What to watch for next in the rapidly unfolding impeachment inquiry originally appeared on abcnews.go.com
Here are three things to watch for next:
House members go on record, and party loyalty is tested
After several days of Republicans and President Trump hammering the impeachment inquiry as unfair and illegitimate, House Speaker Nancy Pelosi abruptly switched course this week and announced a resolution she said would affirm the ongoing investigation and create a process for open hearings. That vote could happen as early as Thursday.
While the resolution isn’t on impeachment itself – only on the process going forward – the vote will put every member on record on the validity of the impeachment probe. That could be a tough position for both Republicans and Democrats in more moderate districts and pave the way for political attack ads on both sides.
Barbara Comstock, a former Republican congresswoman from Virginia, predicted the GOP will ultimately stick together.
“My impression is there will not be a lot of breaks,” Comstock told Devin Dwyer Tuesday on ABC News Live's "The Briefing Room."
"The Republicans will hold on this because they feel the entire process is unfair,” she said.
Former Republican @RepComstock weighs in on the House Democrats' impeachment inquiry after the text of an impeachment resolution is posted: "I think unfortunately they started on a very partisan tone." https://t.co/NNXSQSH5Y0 pic.twitter.com/E5ys0E2ahc— ABC News Live (@ABCNewsLive) October 29, 2019
Still worth watching, though, will be Republicans in swing districts like Rep. Fred Upton of Michigan, whose area supported President Barack Obama before swinging behind Trump in 2016. Nevada Republican Rep. Mark Amodei, who supports Trump, faced pushback in his district after saying he supports congressional oversight efforts.
Several GOP lawmakers also are planning to retire, making them considered more likely to break ranks, including GOP Reps. Will Hurd of Texas and Francis Rooney of Florida. Neither has ruled out voting in favor of impeachment.
Even if only a few Republicans vote in favor of an impeachment inquiry, any crossover by members of the president's party will serve as a black eye to Trump ahead of the 2020 election.
On the flip side, Democrats in districts that supported Trump could easily find themselves vulnerable to political challenges because of their vote.
One of those Democrats -- Rep. Anthony Brindisi of New York -- tells ABC News he doesn’t know how he’ll vote. Another Democrat in Trump country -- Rep. Jeff Van Drew of New Jersey – said he’ll oppose the resolution.
"I just believe it's the right thing to do,” he said. “I think we've spent all this time and all this money, all this energy, all this effort, and all this toxicity exists here, because of what's going on. I want to get bills done."
The cameras start to roll
Following the House vote, Democrats are expected to begin calling witnesses for public testimony. Those televised hearings may give Americans a chance to hear directly from people who have worked inside the White House or State Department with direct knowledge of Trump’s actions.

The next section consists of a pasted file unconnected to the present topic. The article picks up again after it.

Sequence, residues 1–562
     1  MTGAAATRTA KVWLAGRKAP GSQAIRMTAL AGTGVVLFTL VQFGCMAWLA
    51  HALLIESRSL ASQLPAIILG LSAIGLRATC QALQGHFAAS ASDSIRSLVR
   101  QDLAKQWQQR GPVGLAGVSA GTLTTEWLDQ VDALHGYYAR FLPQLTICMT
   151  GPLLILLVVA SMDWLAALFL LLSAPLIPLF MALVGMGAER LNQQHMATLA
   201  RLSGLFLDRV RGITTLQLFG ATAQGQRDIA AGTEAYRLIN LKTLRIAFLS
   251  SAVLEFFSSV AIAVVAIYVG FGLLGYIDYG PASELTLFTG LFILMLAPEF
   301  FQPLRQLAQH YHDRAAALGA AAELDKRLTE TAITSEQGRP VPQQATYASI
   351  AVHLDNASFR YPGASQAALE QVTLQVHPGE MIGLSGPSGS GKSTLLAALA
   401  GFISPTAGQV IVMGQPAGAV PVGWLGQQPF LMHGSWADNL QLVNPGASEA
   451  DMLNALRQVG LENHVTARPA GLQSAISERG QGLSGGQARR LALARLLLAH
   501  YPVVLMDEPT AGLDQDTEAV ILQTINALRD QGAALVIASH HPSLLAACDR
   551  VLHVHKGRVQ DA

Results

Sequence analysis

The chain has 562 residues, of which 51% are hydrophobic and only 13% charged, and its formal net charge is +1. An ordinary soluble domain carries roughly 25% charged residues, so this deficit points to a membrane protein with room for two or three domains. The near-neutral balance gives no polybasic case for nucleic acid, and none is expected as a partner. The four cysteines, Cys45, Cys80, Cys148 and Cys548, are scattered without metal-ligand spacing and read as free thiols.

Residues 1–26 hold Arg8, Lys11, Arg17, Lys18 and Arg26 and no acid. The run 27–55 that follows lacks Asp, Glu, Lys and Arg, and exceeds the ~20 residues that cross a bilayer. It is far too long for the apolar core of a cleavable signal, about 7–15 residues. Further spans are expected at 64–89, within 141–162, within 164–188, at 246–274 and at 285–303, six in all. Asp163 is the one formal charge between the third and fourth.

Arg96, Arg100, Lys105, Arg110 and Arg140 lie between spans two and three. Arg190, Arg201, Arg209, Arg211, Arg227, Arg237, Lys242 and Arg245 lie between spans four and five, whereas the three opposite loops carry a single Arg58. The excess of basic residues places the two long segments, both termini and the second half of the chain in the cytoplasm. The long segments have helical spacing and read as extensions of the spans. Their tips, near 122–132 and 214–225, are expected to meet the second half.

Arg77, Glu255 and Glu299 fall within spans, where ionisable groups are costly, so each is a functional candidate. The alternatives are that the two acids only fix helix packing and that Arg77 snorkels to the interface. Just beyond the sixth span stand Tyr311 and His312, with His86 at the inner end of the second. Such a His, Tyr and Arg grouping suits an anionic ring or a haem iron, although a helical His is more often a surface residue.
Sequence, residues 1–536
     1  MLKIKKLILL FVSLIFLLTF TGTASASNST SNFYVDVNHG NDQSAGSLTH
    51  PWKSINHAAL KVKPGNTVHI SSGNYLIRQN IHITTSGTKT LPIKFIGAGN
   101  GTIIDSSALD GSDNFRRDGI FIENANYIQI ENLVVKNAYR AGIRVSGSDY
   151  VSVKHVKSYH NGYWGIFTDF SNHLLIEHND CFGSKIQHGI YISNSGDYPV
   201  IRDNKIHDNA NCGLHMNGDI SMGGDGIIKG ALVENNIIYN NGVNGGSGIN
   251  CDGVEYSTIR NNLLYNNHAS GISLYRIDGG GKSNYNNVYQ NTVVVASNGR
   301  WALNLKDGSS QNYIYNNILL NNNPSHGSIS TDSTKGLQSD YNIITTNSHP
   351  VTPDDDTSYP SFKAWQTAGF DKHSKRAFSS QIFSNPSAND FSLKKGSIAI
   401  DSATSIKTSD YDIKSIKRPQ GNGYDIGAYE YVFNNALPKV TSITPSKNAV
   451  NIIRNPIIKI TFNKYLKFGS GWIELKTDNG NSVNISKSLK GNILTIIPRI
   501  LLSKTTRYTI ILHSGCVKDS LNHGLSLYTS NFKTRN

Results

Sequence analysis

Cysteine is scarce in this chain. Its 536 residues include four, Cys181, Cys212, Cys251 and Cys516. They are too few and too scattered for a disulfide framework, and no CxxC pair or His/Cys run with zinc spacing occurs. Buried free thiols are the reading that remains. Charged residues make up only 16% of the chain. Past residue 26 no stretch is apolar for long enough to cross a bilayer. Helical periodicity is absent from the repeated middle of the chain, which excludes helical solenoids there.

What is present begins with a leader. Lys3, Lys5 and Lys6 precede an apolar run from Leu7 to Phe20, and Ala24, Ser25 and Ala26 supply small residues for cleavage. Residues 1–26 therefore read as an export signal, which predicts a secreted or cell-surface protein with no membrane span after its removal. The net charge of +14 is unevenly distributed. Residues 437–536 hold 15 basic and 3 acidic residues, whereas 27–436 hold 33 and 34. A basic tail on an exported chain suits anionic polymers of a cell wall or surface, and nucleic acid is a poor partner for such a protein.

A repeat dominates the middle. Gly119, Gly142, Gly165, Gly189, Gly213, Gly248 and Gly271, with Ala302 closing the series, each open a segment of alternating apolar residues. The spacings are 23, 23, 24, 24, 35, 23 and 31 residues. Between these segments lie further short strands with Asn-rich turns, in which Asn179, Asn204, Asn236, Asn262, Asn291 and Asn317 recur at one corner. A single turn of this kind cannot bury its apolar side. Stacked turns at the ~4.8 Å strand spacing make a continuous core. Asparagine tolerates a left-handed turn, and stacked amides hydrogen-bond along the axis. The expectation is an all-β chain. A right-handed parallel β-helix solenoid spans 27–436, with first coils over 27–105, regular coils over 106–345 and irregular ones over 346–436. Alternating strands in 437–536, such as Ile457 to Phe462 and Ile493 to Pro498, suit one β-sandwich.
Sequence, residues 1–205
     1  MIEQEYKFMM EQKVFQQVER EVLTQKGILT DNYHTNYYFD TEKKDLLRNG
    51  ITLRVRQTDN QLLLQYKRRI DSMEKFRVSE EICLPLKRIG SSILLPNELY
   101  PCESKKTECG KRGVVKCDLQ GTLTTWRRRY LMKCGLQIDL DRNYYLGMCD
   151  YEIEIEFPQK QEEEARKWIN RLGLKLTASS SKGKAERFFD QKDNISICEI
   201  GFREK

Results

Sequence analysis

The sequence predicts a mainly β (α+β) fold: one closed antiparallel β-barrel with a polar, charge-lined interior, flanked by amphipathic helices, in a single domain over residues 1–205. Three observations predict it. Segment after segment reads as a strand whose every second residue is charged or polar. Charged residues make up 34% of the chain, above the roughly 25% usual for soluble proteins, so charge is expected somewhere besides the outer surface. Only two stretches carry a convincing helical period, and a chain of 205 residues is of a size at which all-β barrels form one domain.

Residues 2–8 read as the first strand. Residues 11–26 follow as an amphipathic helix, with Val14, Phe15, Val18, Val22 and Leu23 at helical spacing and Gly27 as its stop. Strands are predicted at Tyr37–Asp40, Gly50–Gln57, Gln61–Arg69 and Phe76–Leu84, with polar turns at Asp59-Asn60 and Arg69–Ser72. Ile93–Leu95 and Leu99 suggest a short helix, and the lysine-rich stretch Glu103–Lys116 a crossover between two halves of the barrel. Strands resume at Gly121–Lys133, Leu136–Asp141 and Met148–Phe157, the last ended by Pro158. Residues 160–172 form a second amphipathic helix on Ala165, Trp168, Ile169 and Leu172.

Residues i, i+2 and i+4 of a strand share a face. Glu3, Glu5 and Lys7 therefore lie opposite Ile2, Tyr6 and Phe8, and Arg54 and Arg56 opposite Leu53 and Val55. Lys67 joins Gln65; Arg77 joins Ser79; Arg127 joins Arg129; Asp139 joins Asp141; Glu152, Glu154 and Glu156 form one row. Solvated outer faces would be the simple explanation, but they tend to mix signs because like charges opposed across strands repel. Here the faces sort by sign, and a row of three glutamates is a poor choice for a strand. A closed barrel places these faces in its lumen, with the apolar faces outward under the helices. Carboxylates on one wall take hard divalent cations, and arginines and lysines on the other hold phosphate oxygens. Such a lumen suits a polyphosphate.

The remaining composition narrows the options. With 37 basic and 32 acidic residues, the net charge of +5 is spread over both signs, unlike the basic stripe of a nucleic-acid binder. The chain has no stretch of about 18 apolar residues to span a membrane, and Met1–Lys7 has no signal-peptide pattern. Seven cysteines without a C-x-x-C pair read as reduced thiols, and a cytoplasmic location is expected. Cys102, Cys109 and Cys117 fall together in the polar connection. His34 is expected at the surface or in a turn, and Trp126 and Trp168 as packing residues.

At the top of the list will be Alexander Vindman, an Army lieutenant colonel assigned to work at the White House, who listened to the phone call before Trump and Ukraine’s president.
In closed-door testimony, Vindman has already told Congress he thought it wasn’t “proper to demand that a foreign government investigate a U.S. citizen” – a reference to Trump pressing Ukraine’s president to launch an investigation that included Democrat Joe Biden and Biden’s son, Hunter. Vindman said he thought a foreign-led investigation into Trump’s political rival would “undermine U.S. national security.”
Another likely witness is former ambassador Marie Yovanovitch and her replacement as top U.S. diplomat in Ukraine, Bill Taylor, who told Congress last week that he was informed “everything” – including $400 million in U.S. military aid to help Ukraine defend itself against Russia – was contingent upon Ukraine launching that investigation.
It’s likely Democrats will try to move quickly through with White House staffers and diplomats, inching closer to Trump’s inner circle, including his personal lawyer Rudy Giuliani and former National Security Adviser John Bolton. The question remains, however, whether the White House officials will cooperate; so far, Giuliani has defied a congressional subpoena.
A shift in GOP messaging
So far, Republicans have sidestepped questions on substance and stuck with the argument against the process. That didn’t change even after Pelosi’s announcement of a resolution blessing the inquiry.
“I applaud the speaker for finally admitting it is a whole entire sham,” House Minority Leader Kevin McCarthy of California told reporters Tuesday. “But you can't put a genie back in the bottle. A due process starts at the beginning.”
Antonia Ferrier, a former GOP aide, said that message is likely to resonate with voters because so many Democrats fought his presidency early, including with the Russia investigation.
“Their credibility is a real problem when you go after everything and think everything is an impeachable offense. It loses its potency,” said Ferrier, who now works at CGCN Group, a lobbying and strategic communications firm.
Ron Bonjean, a former top House Republican spokesman and partner at the public relations firm ROKK Solutions, said Republicans will probably start making the case that impeachment is primarily a political fight, particularly if the inquiry drags into 2020.
“There’s so much noise going on, and people aren’t really paying attention to that noise,” he said.
In the end, “this is an effort to decapitate a Republican president,” Bonjean said.
ABC News’ Ben Siegel contributed to this report.